WASHINGTON -- With legal and political insiders nearly certain President Bush soon will get to pick a new Supreme Court justice, conservatives close to the White House are quietly trying to derail the potential nomination of a top aide to the president.
Their target is White House counsel Alberto Gonzales, a longtime friend of Bush and a former Texas Supreme Court judge. Gonzales is a trusted aide in an administration that places a premium on loyalty. And White House sources have suggested that Bush wants to give the high court its first Hispanic justice.
But conservatives inside and outside the administration have long suspected that Gonzales, 47, does not agree with them on key social policy issues -- namely, their opposition to abortion and affirmative action. So when the Bush administration didn't go as far as many GOP hard-liners wanted in opposing the University of Michigan's affirmative action program this month, some blamed Gonzales.
That has led to an unusually aggressive "whisper" campaign. Conservative activists who have been successful in persuading Bush to nominate several hard-right candidates to lower federal courts have made it clear to reporters, Bush aides and others that they do not believe Gonzales is Supreme Court material.
The campaign comes amid speculation that at least one of the nine justices will retire this summer. Conservative Chief Justice William Rehnquist, 78, appears to be the most likely to leave the court soon. Analysts say the anti-Gonzales chatter symbolizes the increasingly aggressive nature of the political maneuvering behind Supreme Court nominations.
"In my 15 years of watching the nomination process, I have never seen something so dramatic happen so early. This is a very aggressive campaign by legal conservatives to hurt (Gonzales') chances for the high court," says Ronald Klain, who was chief counsel to Sen. Joseph Biden when the Delaware Democrat presided over two Senate confirmation hearings. Klain later was a top legal adviser to President Clinton during two Supreme Court nominations.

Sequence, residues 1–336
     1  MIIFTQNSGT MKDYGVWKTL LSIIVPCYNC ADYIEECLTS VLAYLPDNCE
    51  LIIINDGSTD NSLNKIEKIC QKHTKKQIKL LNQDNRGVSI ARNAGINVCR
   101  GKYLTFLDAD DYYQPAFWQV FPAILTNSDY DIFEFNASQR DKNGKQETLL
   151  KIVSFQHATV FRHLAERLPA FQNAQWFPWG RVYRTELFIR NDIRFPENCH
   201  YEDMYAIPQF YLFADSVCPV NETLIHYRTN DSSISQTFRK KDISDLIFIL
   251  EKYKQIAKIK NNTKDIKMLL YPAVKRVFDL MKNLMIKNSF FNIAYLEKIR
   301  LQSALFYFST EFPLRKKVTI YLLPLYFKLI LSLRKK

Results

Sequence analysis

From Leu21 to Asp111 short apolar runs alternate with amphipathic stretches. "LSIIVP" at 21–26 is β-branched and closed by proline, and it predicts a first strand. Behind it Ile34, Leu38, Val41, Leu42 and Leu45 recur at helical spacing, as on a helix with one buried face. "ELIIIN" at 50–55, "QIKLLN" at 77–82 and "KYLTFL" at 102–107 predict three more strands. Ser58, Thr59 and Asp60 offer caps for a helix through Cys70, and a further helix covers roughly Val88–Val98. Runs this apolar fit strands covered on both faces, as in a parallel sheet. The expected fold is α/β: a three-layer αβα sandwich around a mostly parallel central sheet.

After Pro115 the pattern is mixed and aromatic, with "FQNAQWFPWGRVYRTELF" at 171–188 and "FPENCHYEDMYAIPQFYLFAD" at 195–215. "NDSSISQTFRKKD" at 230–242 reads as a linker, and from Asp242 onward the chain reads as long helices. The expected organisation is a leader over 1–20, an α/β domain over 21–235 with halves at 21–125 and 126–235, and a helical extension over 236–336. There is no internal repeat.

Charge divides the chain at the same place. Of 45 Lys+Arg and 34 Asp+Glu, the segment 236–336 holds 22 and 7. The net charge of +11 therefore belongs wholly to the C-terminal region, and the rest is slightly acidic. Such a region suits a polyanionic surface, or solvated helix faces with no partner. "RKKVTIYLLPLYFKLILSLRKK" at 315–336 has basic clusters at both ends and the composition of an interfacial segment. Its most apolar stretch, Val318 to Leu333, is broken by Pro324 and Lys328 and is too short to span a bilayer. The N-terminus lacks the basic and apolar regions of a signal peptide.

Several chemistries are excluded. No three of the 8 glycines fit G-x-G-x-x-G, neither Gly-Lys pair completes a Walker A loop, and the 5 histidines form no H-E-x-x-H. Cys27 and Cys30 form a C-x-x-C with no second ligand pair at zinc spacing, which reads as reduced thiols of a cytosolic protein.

The jockeying to influence Bush in the nomination process is important because a president usually wants to have a successor's name in hand when a Supreme Court retirement is first announced.
In recent weeks, Bush aides debated over what stance to take in a Supreme Court case that challenges the University of Michigan's system of favoring minorities in admissions. Conservatives such as Solicitor General Theodore Olson argued that the administration should not only oppose Michigan's program, but also encourage the high court to reject affirmative action altogether.
But Gonzales successfully argued for a legal stance in which the White House is opposing the Michigan program, but is not pushing for an end to affirmative action. That angered some conservatives, who are citing Gonzales' vote as a Texas judge against a law requiring teenagers seeking abortions to notify their parents -- without exception.
Conservative columnist Robert Novak focused on those Gonzales moves in a syndicated article last week. Novak questioned whether Gonzales deserves a seat on the high court and said conservatives were warning Bush not to commit a "grave political blunder," as they believe Bush's father did in appointing David Souter to the court in 1990. Souter has turned out to be a liberal on the current court.
Earlier in January, The Wall Street Journal's conservative editorial page challenged Gonzales to oppose affirmative action to show that he had Supreme Court timbre. Meanwhile, prominent conservatives inside and outside the Bush administration are increasingly -- but privately -- complaining about Gonzales.
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